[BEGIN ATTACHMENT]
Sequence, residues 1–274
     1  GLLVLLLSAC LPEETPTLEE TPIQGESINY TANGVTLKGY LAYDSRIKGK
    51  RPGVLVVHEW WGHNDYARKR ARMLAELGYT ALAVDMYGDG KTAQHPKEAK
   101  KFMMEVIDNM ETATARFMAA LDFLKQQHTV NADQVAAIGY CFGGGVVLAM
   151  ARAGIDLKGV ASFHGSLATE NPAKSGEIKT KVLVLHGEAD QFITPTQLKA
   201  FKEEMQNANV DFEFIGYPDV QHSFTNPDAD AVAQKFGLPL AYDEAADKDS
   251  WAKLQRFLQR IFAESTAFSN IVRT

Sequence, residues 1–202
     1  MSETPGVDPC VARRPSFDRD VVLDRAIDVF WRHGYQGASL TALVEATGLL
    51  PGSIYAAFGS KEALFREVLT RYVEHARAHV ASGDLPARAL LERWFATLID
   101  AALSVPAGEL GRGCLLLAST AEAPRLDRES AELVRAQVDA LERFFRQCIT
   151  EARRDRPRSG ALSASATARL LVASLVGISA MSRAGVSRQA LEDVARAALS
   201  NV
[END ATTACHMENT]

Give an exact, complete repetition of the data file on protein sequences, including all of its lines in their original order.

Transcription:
Sequence, residues 1–274
     1  GLLVLLLSAC LPEETPTLEE TPIQGESINY TANGVTLKGY LAYDSRIKGK
    51  RPGVLVVHEW WGHNDYARKR ARMLAELGYT ALAVDMYGDG KTAQHPKEAK
   101  KFMMEVIDNM ETATARFMAA LDFLKQQHTV NADQVAAIGY CFGGGVVLAM
   151  ARAGIDLKGV ASFHGSLATE NPAKSGEIKT KVLVLHGEAD QFITPTQLKA
   201  FKEEMQNANV DFEFIGYPDV QHSFTNPDAD AVAQKFGLPL AYDEAADKDS
   251  WAKLQRFLQR IFAESTAFSN IVRT

Sequence, residues 1–202
     1  MSETPGVDPC VARRPSFDRD VVLDRAIDVF WRHGYQGASL TALVEATGLL
    51  PGSIYAAFGS KEALFREVLT RYVEHARAHV ASGDLPARAL LERWFATLID
   101  AALSVPAGEL GRGCLLLAST AEAPRLDRES AELVRAQVDA LERFFRQCIT
   151  EARRDRPRSG ALSASATARL LVASLVGISA MSRAGVSRQA LEDVARAALS
   201  NV